We don’t run around naked as much as we should

We don’t run around naked as much as we should

I heard this during the 13th Annual UCSD MS Symposium in San Diego as neurologists fielded questions from the audience about the relationship between vitamin D and multiple sclerosis. And, they weren’t trying to be weird. Rather, these respected doctors encouraged us to monitor our vitamin D levels and get out in the sun more. Nothing new here, though, as we have all seen the same news bulletins: low levels of vitamin D may influence multiple sclerosis. And, there’s the hypothesis that supplementation with vitamin D may have a protective effect.

Some researchers have gone on record saying that, during childhood years, without the intense sunlight providing the necessary levels of vitamin D, there could be a higher risk for developing MS. When I first heard this, I thought, “That’s so weird. How did I get MS then?” Growing up on Long Island, summertime fun included spraying a bottle of Sun-In throughout my hair and lying out in the sun protected by nothing but a layer of Hawaiian Tropics dark tanning oil.

Yet, my neuro recently told me he’d like to see me get some more of the ‘sunshine vitamin’. “Your vitamin D levels are too low”, he said. “I’d like to see your levels rise up to 80 ng/mL.” Mine are at 25.3 ng/mL. I have a lot of work to do. He told me that studies have proven increased levels of the D helps with MS patients. Hmmm. It seems he’s read the same articles as I have. “I do love the sun”, I told him. “I’m in. What do I need to do?”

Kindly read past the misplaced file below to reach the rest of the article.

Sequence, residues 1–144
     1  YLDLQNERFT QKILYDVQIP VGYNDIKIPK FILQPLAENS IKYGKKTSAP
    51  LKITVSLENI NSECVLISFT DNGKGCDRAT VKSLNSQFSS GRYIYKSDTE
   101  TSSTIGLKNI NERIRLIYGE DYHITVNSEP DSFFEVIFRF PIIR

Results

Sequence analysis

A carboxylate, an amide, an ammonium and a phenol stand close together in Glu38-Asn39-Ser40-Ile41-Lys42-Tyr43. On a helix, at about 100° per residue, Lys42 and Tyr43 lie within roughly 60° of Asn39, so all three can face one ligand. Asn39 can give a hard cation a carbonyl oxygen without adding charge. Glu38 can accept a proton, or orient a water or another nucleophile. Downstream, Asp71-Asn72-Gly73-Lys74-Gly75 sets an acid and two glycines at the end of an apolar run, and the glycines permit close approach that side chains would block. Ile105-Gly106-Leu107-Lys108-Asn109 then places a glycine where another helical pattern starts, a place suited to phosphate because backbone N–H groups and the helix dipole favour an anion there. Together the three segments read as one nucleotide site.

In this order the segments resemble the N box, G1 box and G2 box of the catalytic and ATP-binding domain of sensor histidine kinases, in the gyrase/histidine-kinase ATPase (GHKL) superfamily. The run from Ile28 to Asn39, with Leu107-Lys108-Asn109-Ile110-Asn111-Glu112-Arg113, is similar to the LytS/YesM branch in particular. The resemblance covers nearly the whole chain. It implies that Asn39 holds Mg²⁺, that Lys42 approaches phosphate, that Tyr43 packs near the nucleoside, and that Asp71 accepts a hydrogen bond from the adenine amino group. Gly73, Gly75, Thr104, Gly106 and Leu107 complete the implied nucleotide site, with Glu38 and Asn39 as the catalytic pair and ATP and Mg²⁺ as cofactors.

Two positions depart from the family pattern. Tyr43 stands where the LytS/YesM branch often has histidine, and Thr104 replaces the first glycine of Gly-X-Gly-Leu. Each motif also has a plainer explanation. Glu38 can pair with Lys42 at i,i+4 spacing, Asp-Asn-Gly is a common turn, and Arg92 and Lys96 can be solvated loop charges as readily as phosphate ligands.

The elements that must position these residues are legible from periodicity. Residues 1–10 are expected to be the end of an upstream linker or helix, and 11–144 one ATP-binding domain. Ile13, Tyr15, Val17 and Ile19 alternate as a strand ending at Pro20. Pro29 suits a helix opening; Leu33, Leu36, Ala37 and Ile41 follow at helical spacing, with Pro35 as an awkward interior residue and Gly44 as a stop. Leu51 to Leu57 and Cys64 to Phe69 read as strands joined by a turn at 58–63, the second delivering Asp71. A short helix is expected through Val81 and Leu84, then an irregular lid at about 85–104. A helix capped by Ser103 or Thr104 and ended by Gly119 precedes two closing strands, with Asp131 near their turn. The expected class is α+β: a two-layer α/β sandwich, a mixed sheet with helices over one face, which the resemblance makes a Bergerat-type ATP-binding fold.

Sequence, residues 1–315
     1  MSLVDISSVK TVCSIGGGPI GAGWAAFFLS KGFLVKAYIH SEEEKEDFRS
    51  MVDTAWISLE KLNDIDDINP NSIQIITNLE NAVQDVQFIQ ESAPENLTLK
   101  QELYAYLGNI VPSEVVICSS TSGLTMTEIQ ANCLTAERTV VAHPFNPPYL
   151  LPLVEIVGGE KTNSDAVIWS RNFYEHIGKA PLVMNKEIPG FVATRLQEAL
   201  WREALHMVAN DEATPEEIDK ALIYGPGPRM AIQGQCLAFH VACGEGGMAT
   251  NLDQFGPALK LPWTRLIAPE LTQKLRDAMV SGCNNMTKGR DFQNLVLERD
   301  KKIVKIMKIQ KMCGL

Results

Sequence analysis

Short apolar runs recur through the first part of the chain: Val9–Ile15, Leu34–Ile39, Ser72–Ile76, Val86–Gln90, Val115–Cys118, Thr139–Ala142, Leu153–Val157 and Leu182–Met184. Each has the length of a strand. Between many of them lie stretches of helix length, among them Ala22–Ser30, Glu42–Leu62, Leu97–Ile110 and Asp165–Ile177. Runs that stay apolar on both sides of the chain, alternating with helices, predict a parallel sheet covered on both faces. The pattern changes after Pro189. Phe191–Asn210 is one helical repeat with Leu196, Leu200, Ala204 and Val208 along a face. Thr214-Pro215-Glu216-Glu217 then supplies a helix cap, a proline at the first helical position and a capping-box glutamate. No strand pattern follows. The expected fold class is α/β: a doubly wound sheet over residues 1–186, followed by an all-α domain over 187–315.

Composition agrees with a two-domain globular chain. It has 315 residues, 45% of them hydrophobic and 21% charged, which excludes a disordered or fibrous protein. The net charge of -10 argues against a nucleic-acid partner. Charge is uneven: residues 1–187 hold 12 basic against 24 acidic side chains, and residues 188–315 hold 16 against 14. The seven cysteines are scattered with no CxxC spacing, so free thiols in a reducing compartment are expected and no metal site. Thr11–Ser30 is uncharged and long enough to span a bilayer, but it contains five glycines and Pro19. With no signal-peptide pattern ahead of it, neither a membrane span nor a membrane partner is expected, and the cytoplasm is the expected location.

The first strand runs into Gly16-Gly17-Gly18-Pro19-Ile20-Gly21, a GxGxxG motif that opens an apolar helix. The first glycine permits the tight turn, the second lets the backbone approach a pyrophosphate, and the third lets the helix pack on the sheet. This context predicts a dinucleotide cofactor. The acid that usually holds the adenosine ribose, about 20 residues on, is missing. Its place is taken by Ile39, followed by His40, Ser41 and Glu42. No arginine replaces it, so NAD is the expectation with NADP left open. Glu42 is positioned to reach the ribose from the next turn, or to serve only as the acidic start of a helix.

He told me to try getting out in the sun every day for 15 minutes, at 10AM and again at 4PM, without sunblock. “Oh, I can do that,” I replied. “I’ll walk outside at these times. I do need to take more breaks at the office.” “That may not work”, he replied. “Preferably, a large surface area should be exposed.” He demonstrated on his chest where he meant. To clarify, I asked him, “You want me to walk around without my top on, in the sun?” Um, pretty much. He didn’t quite say that and simply repeated, “A large surface area is preferred, to absorb the vitamin D”, he told me. “You need as much exposure as you can, without sunblock.” I replied, “Now, wait a minute doctor. I can’t be walking around without my top on at the office. I will get fired for sure!”

This was the second time in one week that I’ve heard a neurologist talk about running around naked. There’s got to be a better way. My neuro told me, “If you can’t get in the sun, you should take 5,000 units per day of vitamin D.”